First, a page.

Your name and birth date. Sometimes, that's all a crook needs to steal your identity. And with the social media-filled culture we live in, that's readily available information on any of your social media accounts.
But there are ways to avoid becoming victims of identity theft, burglary, and fraud online.
We all use social media to stay in touch with long distance family members and friends.
Several times a day, we're checking in on Facebook, posting pictures on Instagram, and tweeting about what we're up to.
But all of that sharing opens up an array of opportunities for criminals. And even the smallest bit of information can do a lot of damage.
These days, it's rare to find someone who isn't on social media. "Between Twitter, Facebook, Vine, you name it. It's so common, it's hard to find people that don't have it," said Pelham PD Investigator Adam Lamb.
From sharing your vacation plans, photos of your children, even a newly acquired license, you're setting yourself up to become a possible target.
Nobody thinks about it, nobody thinks about it. Sometimes just the smallest, craziest stuff is just enough to get more and more and more," Lamb said.
Pelham Police Investigator Adam Lamb says we live in a culture where sharing is expected.
"They're bad about just talking about what they're doing, when they're doing it, and where they're going."
Even he admits he's shared too much on the web.
"I can go to 'Check Ins.' See, even I do it. There are places I've been," Lamb said.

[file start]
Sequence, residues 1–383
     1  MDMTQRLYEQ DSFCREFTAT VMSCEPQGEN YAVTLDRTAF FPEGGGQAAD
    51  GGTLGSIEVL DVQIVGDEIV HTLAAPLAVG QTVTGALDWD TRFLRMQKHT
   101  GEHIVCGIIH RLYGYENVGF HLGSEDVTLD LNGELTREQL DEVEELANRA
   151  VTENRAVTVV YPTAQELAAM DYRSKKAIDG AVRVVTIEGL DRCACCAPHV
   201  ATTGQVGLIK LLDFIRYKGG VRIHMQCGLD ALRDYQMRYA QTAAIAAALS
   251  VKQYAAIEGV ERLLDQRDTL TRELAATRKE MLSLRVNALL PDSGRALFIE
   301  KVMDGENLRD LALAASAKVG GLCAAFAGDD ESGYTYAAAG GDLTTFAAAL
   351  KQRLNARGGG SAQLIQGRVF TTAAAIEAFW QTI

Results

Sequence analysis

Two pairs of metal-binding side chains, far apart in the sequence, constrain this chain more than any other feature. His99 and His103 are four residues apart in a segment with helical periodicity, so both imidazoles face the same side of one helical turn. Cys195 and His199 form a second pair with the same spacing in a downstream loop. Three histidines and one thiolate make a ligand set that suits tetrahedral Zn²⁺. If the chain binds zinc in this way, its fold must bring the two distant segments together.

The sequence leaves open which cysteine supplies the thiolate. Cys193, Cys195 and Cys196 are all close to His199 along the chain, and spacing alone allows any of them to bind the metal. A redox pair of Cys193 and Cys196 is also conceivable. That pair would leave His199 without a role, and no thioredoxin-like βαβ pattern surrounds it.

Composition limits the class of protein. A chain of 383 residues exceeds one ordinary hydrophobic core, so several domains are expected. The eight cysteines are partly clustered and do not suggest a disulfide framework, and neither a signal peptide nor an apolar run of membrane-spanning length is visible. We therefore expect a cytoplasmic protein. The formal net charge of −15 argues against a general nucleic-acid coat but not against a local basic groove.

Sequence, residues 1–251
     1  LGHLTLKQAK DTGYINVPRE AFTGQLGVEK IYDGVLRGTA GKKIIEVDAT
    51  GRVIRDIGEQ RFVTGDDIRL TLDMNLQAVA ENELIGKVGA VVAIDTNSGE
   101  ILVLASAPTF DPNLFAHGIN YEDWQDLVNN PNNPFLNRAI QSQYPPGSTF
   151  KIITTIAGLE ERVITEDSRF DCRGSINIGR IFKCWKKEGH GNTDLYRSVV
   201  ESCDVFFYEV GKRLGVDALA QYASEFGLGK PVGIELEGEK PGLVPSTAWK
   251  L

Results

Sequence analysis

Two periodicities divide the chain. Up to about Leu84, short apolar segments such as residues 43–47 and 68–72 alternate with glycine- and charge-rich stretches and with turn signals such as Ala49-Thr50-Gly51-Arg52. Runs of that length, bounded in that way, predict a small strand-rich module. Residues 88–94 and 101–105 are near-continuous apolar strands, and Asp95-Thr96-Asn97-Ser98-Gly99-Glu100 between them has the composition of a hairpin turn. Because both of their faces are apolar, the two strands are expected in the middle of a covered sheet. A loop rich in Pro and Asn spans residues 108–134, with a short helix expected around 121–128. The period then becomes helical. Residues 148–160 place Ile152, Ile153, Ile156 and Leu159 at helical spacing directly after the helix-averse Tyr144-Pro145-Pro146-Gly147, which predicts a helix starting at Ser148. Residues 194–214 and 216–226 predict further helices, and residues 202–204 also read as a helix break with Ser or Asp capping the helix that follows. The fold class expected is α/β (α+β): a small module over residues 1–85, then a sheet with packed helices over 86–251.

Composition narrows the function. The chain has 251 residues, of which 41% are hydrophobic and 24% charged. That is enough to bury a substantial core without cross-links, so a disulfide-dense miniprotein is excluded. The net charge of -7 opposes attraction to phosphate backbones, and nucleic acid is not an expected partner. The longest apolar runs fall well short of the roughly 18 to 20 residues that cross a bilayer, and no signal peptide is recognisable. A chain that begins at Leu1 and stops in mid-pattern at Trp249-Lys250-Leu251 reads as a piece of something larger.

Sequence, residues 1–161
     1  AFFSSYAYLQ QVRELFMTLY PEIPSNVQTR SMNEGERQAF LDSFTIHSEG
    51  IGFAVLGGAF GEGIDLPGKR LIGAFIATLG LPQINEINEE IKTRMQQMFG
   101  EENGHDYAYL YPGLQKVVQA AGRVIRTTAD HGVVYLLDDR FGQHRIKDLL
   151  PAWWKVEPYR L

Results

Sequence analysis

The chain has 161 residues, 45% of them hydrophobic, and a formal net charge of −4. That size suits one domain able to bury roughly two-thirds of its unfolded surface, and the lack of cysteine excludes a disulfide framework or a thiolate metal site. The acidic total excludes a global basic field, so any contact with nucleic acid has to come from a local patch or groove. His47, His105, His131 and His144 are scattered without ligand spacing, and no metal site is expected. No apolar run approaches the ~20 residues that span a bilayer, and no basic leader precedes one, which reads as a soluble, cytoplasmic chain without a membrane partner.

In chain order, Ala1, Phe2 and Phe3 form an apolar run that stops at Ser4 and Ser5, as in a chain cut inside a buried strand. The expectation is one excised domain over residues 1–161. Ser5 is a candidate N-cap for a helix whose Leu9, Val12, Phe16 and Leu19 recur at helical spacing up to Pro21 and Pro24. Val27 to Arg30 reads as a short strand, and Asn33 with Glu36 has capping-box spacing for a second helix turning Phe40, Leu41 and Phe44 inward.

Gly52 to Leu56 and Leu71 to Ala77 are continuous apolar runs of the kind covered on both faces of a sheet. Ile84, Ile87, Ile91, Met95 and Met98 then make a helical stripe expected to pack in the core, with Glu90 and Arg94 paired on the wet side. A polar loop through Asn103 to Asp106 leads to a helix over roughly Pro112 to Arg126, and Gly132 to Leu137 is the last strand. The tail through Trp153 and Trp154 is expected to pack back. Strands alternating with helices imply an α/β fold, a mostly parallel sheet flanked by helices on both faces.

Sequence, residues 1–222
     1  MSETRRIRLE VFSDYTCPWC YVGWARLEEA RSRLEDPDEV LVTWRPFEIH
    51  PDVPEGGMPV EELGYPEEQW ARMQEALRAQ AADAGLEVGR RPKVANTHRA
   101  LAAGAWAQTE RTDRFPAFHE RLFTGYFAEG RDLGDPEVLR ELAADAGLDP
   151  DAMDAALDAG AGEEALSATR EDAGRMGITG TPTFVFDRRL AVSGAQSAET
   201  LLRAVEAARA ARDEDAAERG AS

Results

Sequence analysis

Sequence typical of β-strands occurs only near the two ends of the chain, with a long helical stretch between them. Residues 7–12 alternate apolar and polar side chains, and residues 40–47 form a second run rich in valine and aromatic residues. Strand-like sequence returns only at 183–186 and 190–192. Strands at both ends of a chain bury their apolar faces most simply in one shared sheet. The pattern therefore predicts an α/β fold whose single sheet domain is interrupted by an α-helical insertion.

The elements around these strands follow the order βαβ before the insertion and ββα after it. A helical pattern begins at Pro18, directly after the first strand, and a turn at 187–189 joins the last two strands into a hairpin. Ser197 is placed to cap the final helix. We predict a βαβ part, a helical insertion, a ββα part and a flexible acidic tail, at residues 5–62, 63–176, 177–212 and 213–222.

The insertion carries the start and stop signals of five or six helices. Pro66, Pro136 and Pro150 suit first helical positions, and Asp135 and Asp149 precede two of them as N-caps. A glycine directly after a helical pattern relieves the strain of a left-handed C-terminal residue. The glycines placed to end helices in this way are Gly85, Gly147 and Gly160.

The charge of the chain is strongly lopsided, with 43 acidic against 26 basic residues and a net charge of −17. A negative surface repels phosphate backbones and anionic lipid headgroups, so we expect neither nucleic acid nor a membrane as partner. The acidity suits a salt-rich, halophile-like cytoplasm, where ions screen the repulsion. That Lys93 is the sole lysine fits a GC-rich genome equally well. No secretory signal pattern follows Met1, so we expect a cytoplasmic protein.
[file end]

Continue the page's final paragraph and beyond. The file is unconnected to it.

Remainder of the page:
In just a few clicks, your 'friends' on Facebook can see where you are at that very moment. "You never know who's on Facebook or who you can trust," said Albany Mother Ivy Chupp.
Chupp says she's super cautious when it comes to sharing anything on her Facebook page. "I try to use common sense. You can't trust everybody out there. So when I put my kids' pictures out there, I try not to use their names."
Investigator Lamb says you may not think someone would steal your child's identity, but all they need is your child's name and date of birth,
"It happens every day. People have the lights turned on in your child's name and you won't even know it."
And what about pics from your trip to the beach? "Hey, I'm not at home. Come do whatever you want to," said Lamb.
"It's kind of a dead giveaway. 'Hey We're at the beach, my whole family's with me, and my house is empty!'" said Chupp.
Chupp says she waits several days after returning from vacation to share her photos.
Other information to avoid posting? Your mother's maiden name.
"What is one of the main security questions they ask you when you do a credit card application?" asked Lamb.
And while you may think those people you call 'friends' on Facebook are your actual friends, it's simple for them to take advantage of the information you put out.
"Nine times out of 10, it's somebody you know."
So when in doubt, think TMI. Too much information on your social media account leads to crimes of opportunity.
"There's just so many bad people out there. You just have to stop and think about what you're posting before you post. It's sad that we live in a world like that, but we do," Chupp said.
There are ways to make sure your posts on social media are private. You can access your privacy settings on any social media account to see who is allowed to see your posts and who can access your information.
Investigator Lamb says it's better to be safe than sorry.
So make all of your accounts private-- and think twice before adding or accepting strangers.